|St. Augustine of Hippo|
When a good book is finally written about what has happened to the American church in the last decade, the story would begin a hundred years ago when the Catholic church as a specifically American community was coming into its own, with population power centers in the big cities like Philadelphia, Boston and New York, led by a hierarchy that was more political than pastoral setting the patterns - solidifying the structures - that, sometimes to its disadvantage, remain intact today.
Some would begin tin the 5th century and trace all our woes to Saint Augustine's alleged negative attitude toward sex, and then jump to the 10th century imposition of celibacy, which was enforced not to make priests more available to their flocks but to prevent them from passing church property on to their children.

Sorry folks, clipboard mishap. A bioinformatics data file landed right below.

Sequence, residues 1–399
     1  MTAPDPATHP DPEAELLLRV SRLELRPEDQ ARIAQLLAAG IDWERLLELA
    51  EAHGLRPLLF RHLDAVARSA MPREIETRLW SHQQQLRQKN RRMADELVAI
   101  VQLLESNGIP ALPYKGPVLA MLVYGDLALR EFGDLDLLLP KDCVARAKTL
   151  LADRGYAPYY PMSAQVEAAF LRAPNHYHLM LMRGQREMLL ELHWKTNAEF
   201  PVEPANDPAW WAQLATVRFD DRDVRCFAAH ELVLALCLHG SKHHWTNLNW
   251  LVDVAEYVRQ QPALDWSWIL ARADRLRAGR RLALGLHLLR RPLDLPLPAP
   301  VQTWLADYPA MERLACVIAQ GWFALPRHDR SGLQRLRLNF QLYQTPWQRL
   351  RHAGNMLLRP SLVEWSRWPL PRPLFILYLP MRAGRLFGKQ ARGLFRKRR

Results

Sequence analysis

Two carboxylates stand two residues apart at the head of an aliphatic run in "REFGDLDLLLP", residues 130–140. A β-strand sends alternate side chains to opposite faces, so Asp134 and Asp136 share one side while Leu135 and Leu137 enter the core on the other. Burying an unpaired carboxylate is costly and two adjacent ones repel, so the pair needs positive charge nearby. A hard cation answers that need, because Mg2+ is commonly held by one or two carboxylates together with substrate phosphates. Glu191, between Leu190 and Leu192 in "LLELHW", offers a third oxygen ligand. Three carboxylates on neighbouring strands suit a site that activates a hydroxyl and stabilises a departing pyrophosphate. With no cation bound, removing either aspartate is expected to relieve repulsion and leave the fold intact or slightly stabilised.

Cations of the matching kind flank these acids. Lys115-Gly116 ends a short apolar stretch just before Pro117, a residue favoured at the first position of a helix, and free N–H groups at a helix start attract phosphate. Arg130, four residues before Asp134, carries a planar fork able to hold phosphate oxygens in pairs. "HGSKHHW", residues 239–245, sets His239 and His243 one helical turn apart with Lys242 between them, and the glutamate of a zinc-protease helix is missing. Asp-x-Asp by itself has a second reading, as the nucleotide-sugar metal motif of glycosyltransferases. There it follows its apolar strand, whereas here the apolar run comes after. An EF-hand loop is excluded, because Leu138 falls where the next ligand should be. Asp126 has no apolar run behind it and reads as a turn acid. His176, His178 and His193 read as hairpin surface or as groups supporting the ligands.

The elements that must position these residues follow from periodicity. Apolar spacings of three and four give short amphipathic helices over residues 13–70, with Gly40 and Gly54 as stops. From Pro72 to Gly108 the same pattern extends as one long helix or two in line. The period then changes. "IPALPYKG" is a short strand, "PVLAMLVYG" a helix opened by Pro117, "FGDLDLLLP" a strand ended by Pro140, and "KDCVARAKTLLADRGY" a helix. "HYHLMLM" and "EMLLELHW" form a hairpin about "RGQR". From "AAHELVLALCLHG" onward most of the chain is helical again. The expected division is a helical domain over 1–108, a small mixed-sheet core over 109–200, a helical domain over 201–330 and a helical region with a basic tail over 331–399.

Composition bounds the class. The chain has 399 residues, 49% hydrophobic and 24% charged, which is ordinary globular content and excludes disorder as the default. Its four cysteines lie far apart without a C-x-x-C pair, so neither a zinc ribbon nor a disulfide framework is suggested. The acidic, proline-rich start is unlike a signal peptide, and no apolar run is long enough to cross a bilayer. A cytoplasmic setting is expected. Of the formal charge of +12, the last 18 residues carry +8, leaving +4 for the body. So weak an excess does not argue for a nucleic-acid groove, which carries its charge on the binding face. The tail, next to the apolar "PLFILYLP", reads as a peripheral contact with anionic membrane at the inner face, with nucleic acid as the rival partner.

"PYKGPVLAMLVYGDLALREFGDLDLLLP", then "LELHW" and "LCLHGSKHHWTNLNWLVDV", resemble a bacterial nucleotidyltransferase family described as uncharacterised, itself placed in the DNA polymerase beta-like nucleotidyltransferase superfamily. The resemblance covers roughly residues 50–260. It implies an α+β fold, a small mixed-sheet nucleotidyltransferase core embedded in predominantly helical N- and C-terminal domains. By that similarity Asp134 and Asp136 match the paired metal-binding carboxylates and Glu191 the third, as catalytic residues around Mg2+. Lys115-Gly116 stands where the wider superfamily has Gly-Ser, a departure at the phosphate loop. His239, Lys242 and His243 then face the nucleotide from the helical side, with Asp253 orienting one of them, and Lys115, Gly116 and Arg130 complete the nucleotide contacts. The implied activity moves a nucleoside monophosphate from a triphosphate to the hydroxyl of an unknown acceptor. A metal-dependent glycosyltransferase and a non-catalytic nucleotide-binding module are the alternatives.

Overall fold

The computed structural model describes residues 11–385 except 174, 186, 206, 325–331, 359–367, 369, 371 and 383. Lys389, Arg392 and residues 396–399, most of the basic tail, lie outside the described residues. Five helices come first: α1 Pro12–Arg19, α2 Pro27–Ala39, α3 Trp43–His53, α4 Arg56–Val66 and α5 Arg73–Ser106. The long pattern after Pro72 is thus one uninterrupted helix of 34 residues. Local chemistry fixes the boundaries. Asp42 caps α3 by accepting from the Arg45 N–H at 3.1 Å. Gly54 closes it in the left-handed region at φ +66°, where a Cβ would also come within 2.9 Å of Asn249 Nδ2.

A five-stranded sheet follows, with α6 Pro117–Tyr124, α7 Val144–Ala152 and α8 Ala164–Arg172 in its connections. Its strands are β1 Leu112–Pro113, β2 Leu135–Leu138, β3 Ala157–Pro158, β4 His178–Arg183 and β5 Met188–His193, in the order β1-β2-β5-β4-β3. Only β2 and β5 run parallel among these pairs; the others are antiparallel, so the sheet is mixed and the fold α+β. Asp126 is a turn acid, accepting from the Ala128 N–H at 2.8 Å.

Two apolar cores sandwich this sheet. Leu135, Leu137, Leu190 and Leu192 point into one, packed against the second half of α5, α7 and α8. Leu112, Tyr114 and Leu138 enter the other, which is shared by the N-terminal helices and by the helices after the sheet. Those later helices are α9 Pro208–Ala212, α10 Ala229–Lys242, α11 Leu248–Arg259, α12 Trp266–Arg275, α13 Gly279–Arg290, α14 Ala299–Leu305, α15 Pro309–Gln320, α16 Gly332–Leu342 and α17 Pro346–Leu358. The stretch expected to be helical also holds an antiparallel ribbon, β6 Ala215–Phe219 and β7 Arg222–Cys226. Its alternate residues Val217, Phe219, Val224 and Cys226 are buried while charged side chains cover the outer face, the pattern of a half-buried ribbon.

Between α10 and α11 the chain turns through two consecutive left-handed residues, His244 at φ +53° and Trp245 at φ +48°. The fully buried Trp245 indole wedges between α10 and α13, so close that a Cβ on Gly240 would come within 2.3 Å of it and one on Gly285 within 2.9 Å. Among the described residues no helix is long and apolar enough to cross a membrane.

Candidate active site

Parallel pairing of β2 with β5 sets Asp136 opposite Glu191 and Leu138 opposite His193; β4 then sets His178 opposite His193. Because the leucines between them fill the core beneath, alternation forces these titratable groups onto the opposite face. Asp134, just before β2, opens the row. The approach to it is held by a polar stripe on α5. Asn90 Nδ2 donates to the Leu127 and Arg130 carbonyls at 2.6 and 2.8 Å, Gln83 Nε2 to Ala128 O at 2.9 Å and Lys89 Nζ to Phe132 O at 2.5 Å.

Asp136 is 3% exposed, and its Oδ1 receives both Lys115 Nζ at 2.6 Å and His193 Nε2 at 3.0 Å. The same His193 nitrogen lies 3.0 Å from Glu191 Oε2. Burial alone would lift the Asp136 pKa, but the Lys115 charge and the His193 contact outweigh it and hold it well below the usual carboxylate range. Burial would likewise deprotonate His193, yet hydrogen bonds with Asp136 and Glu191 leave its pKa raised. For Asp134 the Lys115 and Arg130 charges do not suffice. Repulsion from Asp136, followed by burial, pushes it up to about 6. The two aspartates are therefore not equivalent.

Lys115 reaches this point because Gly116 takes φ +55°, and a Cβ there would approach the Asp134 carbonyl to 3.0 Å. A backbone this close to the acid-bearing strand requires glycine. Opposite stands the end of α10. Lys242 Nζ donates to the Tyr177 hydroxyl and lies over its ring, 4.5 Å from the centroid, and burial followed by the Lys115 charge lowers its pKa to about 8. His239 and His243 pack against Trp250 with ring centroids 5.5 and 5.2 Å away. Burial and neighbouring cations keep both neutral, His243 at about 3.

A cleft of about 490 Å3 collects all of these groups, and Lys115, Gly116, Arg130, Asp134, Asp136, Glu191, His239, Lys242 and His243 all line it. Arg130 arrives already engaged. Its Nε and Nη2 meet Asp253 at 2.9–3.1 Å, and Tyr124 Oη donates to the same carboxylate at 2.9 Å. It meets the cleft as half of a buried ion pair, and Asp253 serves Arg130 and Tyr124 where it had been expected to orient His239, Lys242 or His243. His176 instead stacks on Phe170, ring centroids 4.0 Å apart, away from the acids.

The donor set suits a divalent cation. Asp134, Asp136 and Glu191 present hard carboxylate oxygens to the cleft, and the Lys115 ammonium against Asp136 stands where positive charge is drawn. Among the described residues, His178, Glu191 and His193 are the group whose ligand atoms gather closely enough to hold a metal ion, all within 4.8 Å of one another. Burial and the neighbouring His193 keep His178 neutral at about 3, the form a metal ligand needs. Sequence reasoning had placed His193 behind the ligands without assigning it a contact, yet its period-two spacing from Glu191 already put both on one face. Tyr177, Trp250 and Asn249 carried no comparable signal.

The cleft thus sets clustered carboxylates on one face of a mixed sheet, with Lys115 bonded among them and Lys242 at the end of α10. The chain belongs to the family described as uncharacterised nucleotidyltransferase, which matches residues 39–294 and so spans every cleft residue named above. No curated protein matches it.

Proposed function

Obviously sexual attitudes - including the exclusion of women from the priesthood and thus from the central leadership; the resulting insulated, all male clubhouse atmosphere of clerical culture; the possible sexual immaturity of men who entered the hot-house seminaries of the mid-20th century; and the apparent increase of openly homosexual seminarians and priests - are relevant to the current crisis. But this crisis is not primarily about sex.Link (here) to the full address by Fr. Raymond Schroth, S.J. at Voice of the Faithful